GAA Football

'Space is your friend': GAA training advice

Cathal McShane and Michael McKernan of Tyrone in close proximity to Donegal captain Michael Murphy during last year's Championship. Picture Margaret McLaughlin

‘SPACE is your friend' is the key message for a return to training and playing contact team sports.

That's not a call for even more hi-tech solutions and equipment, although it does come from Newry technology firm STATSports' study into contact levels within the GAA.

STATSports, which is also assisting soccer's English Premier League on it's ‘Project Re-start', yesterday published a white paper entitled ‘GAA player proximity report'.

This studied the number of times and for how long players came into close proximity with each other (aka ‘incursions'), in both training and actual games.

The clear advice is that there will have to be an element of social distancing incorporated into training in order to reduce the risk of potentially transmitting coronavirus.

The report's author, STATSports sport scientist Ryan McLaughlin, suggested that this can be done by avoiding certain training drills, or reducing the amount of time spent standing round:

“Regarding a return to training collectively, this report has shown that certain drills have lower incursion rates than others and as such they may be favoured initially in a return to training.

“We know that if the ratio of open space to the amount of participant per team is in favour of space, there will be significantly lower rates of incursion each minute…

“Tactical focused drills such as kick-outs show higher rates of incursions than other drills although this may also be influenced by organisational and coaching elements of tactical drills.

“Players may be standing in proximity for extended periods of time while receiving instructions or feedback from coaches.

“Excluding the kick-out drill average incursion rate of 72 incursions per minute, a range of between four and 27 incursions per minute was observed in all other drills.”

After tactical kick-outs, kick-passing and shooting drills led to the next highest rates of incursions in training – although these exercises had lower than average durations of incursions than other types of drill.

The report notes that a large-sided game (seven players or more per team) with adequate space will result in fewer incursions by each player. Many of the drills which may be deemed a ‘higher risk' can also be modified by using the space and controlling participants.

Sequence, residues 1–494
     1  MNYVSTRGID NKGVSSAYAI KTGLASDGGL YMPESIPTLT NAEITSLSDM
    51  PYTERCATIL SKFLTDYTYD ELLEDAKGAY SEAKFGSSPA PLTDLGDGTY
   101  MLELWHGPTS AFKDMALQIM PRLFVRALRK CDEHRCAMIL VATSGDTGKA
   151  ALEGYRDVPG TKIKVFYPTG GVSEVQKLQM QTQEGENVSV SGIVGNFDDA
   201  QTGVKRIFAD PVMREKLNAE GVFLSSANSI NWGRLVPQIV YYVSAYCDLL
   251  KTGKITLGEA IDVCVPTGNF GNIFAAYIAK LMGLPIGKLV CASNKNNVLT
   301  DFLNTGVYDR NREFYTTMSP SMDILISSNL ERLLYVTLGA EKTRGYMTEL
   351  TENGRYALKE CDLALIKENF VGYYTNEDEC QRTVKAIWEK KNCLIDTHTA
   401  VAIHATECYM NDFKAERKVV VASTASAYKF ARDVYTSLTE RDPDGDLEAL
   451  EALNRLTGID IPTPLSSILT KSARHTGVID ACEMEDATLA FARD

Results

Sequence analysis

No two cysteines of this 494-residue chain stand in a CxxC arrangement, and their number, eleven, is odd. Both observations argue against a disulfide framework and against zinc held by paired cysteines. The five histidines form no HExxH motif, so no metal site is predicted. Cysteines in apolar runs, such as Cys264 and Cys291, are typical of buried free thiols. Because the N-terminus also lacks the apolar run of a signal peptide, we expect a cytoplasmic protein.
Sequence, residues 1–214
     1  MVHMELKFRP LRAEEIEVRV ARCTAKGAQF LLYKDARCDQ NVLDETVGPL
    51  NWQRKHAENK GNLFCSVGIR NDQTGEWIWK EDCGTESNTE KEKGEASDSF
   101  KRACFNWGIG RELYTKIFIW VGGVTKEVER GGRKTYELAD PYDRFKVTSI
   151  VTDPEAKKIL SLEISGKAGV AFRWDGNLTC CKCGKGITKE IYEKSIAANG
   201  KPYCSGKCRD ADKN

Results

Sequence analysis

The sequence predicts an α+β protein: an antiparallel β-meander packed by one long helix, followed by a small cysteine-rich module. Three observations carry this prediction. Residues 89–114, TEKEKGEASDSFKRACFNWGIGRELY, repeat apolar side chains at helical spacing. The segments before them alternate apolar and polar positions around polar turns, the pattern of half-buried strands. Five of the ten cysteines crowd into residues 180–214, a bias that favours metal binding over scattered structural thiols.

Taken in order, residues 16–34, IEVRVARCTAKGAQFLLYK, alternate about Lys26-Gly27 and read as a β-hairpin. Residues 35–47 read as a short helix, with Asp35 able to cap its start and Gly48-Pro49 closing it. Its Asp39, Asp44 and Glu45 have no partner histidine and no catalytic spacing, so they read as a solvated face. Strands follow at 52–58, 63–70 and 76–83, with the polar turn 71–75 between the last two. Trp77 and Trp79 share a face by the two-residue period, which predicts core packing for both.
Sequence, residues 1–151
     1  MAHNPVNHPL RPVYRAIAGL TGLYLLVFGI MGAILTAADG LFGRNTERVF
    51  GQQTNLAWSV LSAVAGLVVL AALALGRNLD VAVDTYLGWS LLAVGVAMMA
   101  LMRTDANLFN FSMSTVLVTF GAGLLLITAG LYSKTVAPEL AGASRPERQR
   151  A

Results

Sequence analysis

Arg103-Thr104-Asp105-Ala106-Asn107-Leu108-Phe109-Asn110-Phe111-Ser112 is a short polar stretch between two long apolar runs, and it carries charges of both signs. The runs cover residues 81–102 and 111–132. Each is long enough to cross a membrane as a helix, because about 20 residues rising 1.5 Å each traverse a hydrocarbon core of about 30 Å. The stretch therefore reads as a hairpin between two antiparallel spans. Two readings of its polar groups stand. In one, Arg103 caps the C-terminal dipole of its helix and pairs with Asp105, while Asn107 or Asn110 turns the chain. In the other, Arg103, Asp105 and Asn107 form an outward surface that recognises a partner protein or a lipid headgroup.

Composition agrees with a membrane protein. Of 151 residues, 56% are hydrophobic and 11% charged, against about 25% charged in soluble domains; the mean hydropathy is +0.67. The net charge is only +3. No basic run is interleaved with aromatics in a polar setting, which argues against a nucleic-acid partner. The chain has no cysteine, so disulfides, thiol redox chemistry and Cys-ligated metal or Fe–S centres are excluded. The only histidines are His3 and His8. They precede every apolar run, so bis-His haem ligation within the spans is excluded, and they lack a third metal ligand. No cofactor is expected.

One comparison was observed across two separate training sessions among the same team:

Session 1 saw the players compete with 10 players per team inside a premeasured area of 90m x 90m while session 2 saw the same number of participants - but with a difference of playing across a full pitch.

The incursion rate dropped significantly for each player from 10 incursions per minute (Session 1) to three incursions per minute in Session 2.

The maximum observed duration of incursion increased from 17.3 to 24.6 seconds within the full pitch game while both games showed an average incursion duration of 1.9 seconds.

As would be typically expected, collective team training sessions bring players in proximity of each other at a much higher frequency than observed in competitive game-play.

The typical GAA team training session will consist of recovery activities outside of the physical training demands, such as water breaks, team huddles, or taking general coaching advice. With these recovery activities there will be prolonged periods of static or very little movement, generally in proximity of teammates.

The advice is to think closely about, and monitor, all aspects of training, including pre- and post-training interaction, warm-ups, the distance between players while standing around and within changing rooms.

The white paper also points out that while “the frequency of incursion is significantly higher during training sessions than observed in game-play, the number of different players who come into proximity must also be taken into consideration.”

A player matrix from an entire training session lasting 70 minutes found that most players come into proximity with more than 90 per cent of their team-mates.

Even during games the study found that players spent on average just under 25 per cent of their game-time in close proximity to at least one other player, due to the ‘man-marking' approach adopted by many teams. One hypothesis is that a zonal approach to defending would result in lower incursion levels.

These aspects must all be taken into consideration and ultimately modified towards a Covid-friendly approach. The use of space adequately is a key factor in this; dependent on participation numbers each drill should be laid out with maximal space used rather than minimal.

* Each player monitored wore the STATSports Apex GNSS device inside a pocket sewn to the inside of their jerseys or inside a STATSports training vest which was situated securely between their shoulder blades.

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